There are some days where my job doesn't sound real. One of these days was the Monday I was asked to join George Takei on the Queen Mary 2 for the Transatlantic Premiere of his new documentary To Be Takei. Bused to Brooklyn, I boarded an ocean liner that's longer than the block I live on, more stories than the apartment building I live in, and more luxurious than any hotel I've ever stayed in. It was an appropriately grand venue for a documentary meant to encapsulate the remarkable life story of George Takei, a man whose had a massive impact not only on pop culture but also on politics.

After cocktails and canapés, I was directed toward an ornate and cavernous theater. (Full Disclosure: the boat was so big I got lost, and repeatedly had to ask dedicatedly grinning crewman to point me in the right direction.) Amid all the finery of Queen Mary 2, I enjoyed To Be Takei, which was afterwards complimented with a Q&A with the film's director Jennifer M. Kroot, and its stars George Takei, and his husband Brad Takei né Altman. The fruits of this fantastic event are below.

To Be Takei isn't only about George Takei. It's also very much about his husband Brad. I spoke with Brad before the film screened, and he confessed he thinks of the title as having a "double meaning," in that it applies to him too. After all, he has taken George's last name following their 2008 wedding. George seemed to concur, introducing the film as "the story of our lives…there's a guy named Brad Takei who shamelessly steals the movie from me." It's an overstatement to say this beloved celeb is overshadowed by his witty partner, but not by much!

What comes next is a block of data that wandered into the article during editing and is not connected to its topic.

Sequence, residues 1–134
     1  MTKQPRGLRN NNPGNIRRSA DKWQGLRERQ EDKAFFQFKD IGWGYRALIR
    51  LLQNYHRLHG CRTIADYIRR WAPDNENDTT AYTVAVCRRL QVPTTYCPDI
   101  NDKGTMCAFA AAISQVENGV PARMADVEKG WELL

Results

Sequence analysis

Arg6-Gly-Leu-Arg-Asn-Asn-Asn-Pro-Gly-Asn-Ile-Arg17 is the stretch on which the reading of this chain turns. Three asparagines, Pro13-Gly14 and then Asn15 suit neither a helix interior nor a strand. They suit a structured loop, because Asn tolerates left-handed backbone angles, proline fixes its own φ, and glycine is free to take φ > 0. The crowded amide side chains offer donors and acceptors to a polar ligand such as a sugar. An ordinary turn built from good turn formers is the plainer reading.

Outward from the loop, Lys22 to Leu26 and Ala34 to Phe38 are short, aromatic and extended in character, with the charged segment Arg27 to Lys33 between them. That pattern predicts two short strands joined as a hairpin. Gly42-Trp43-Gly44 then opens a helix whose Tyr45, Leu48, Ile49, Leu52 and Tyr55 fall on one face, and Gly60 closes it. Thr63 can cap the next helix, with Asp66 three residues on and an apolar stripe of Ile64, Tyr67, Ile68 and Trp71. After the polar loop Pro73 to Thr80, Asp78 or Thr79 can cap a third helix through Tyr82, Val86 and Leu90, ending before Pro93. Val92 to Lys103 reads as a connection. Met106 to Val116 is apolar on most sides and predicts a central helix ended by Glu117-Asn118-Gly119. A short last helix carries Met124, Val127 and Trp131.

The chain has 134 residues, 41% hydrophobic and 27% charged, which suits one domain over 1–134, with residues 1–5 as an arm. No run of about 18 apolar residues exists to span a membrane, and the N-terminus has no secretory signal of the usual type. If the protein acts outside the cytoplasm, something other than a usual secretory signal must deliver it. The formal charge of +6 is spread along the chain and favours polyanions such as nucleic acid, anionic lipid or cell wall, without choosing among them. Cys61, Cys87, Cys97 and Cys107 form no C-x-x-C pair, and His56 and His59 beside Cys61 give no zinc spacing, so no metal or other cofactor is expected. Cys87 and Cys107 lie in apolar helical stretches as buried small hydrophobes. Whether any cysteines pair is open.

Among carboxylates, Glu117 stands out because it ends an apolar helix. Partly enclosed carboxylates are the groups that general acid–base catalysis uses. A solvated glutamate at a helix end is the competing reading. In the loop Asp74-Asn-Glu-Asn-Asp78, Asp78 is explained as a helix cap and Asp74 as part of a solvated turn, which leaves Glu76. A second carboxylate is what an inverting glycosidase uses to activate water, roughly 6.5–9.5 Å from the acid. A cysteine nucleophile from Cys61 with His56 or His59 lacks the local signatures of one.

There's no love lost between William Shatner and George Takei. They did three seasons of Star Trek together and six films, but while Takei grew close to the rest of his Starfleet crew, Shatner never warmed to him. Things came to a boil when Shatner publically complained he wasn't invited to Takei's wedding. Takei still insists he was invited.

New interviews with Shatner and his old colleagues Nichelle Nichols, Leonard Nimoy, and Walter Koenig give a deeper look into this conflict. For Takei, Shatner's claim boiled down to publicity. He said in the Q&A, "I think that’s why he made a big fuss about not getting an invitation two months after the wedding (to promote his talk show Raw Nerve). I mean, that’s clearly irrational, but as you saw, we had all of the surviving Star Trek cast members in the film, and Bill is there. We’re a family and like so many families, we have our eccentric crazy uncle, you know, and our crazy uncle shows up when we have these gatherings and as Nichelle says (in To Be Takei), 'That’s our Bill.'"

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